Vietnamese words are made up of consonants and vowels, similar to English words. The question of which letters are vowels and which are consonants in Vietnamese will be answered in the next chapter.

Consonants and Vietnamese Vowels

We also heard about the letters that all Vietnamese words are used to write. We’ll learn more about vowels and consonants in Vietnamese in this section.

There are five vowels in English; they regard the remainder of the alphabet as consonants. All 5 English vowels, their variations as mentioned in Table 1 above, and the y letter are considered vowels in Vietnamese. Thus, the full set of 12 vowels from Vietnam are: a, ă, â, e, ê, i, y, o, ô,ơ, u, ư.

In order to form “vowel clusters” (or “vowel groups”), some, but not all, vowels can combine with each other, such as ư + ơ + I to form the vowel cluster ươi a + I to form the ai cluster; e + o to form eo and so on. “These vowel clusters can consist of 2 or 3 consecutive vowels: a” diphthong “forms a two-vowel cluster and a” triphthong “forms a three-vowel cluster. Contrast this to English, where it seems we don’t have triphthongs.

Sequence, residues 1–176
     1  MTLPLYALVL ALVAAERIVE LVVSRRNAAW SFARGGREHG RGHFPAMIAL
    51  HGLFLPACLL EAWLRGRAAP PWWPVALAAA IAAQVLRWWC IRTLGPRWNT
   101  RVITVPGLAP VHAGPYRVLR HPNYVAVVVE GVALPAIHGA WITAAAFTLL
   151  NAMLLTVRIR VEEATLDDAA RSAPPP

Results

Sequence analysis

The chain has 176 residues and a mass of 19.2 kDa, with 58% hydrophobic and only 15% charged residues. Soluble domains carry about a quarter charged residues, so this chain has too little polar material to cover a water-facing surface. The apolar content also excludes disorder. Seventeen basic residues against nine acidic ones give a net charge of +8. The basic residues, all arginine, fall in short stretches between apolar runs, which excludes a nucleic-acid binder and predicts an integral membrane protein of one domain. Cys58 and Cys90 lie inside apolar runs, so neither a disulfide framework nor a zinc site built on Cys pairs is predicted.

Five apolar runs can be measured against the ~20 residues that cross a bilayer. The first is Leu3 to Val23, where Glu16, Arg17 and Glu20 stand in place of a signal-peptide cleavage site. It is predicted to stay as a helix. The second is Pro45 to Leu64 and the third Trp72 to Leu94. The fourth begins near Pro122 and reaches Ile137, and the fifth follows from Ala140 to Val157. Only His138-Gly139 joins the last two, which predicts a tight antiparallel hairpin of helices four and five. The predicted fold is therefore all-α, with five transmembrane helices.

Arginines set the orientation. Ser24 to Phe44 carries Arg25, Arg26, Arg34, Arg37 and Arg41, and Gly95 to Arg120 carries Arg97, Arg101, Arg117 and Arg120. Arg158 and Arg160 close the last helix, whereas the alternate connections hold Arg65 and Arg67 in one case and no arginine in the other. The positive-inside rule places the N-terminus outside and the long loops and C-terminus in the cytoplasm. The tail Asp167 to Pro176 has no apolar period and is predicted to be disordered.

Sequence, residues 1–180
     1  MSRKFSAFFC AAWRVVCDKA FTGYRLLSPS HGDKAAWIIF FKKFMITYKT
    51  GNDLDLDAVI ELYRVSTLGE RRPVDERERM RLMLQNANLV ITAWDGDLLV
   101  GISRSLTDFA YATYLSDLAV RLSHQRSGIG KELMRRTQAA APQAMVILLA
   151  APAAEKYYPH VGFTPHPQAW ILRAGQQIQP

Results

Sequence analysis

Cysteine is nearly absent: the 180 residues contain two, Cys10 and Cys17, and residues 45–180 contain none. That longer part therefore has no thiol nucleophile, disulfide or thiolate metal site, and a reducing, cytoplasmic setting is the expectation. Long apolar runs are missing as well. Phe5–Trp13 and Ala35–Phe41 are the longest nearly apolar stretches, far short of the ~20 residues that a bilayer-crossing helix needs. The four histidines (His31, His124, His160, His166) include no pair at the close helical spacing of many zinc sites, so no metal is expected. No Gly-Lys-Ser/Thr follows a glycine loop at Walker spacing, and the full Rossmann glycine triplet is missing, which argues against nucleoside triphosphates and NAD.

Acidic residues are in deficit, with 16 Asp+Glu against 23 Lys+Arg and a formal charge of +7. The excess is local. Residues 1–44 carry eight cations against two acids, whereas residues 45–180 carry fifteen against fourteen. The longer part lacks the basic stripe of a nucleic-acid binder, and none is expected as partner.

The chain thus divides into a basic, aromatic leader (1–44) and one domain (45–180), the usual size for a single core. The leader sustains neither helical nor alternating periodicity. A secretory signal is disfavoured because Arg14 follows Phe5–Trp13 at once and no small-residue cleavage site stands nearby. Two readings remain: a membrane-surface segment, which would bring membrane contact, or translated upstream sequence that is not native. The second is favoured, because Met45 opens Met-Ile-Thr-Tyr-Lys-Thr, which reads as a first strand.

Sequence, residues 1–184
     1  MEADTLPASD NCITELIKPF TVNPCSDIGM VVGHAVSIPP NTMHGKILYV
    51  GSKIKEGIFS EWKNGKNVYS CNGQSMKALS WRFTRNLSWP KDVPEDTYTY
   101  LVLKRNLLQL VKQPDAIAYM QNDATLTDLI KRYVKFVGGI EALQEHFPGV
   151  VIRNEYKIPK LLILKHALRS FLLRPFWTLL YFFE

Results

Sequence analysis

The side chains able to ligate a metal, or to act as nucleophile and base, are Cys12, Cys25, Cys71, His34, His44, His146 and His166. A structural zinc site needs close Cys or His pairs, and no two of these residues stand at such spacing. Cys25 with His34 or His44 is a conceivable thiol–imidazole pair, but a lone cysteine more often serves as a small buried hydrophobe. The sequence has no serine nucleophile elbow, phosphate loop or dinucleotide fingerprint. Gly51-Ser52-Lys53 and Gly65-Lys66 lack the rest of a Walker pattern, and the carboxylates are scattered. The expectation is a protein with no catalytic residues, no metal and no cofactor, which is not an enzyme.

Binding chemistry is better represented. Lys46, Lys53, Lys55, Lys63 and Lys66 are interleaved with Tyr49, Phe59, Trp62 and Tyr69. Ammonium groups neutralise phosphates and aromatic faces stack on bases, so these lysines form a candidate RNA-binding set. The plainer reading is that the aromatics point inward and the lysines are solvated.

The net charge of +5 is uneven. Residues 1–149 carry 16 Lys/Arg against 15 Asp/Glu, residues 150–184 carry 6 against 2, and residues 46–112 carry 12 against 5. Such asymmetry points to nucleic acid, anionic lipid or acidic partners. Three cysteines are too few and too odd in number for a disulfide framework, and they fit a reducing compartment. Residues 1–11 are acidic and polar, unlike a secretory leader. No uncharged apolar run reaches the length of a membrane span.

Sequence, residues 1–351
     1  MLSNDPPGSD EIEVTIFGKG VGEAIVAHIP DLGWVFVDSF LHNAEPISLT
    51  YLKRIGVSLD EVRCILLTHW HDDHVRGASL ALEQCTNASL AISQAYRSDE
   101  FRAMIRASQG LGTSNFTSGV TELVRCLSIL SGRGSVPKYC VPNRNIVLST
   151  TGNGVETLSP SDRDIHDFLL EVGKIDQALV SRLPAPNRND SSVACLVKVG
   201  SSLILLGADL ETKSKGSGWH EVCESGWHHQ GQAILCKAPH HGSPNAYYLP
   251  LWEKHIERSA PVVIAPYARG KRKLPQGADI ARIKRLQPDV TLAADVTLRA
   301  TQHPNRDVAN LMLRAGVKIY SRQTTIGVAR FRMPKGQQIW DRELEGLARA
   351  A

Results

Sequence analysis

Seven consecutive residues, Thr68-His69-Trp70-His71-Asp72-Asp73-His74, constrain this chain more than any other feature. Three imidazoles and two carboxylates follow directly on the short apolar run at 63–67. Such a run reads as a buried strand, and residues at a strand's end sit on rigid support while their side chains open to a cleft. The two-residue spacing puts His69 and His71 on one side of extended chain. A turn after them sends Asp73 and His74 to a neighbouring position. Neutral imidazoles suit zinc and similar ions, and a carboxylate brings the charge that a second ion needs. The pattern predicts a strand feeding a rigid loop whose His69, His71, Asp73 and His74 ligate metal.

It’s worth a brief note that each vowel cluster has a new pronunciation that is distinctly different from mere sound concatenation, albeit based on the sounds of its constituent vowels.

For vowels, that is enough. Let’s move on to consonants now. How numerous are there? I hope you replied 17, which is equivalent to our Vietnamese alphabet’s size of the Vietnamese vowel collection = 29-12 = 17.

Some consonants often combine to create “consonant clusters” (or “consonant groups”) such as gh, tr, and ph, just as vowels can be strung together to form vowel groups. Of course, not all consonant combinations make consonant clusters valid, just as not all vowel combinations are valid. đg is, for example, not a true vowel cluster. The sound of consonant clusters can be somewhat different from merely chaining the sounds of their single-letter consonants, similar to the case of vowels. More in the next lesson about their pronunciations.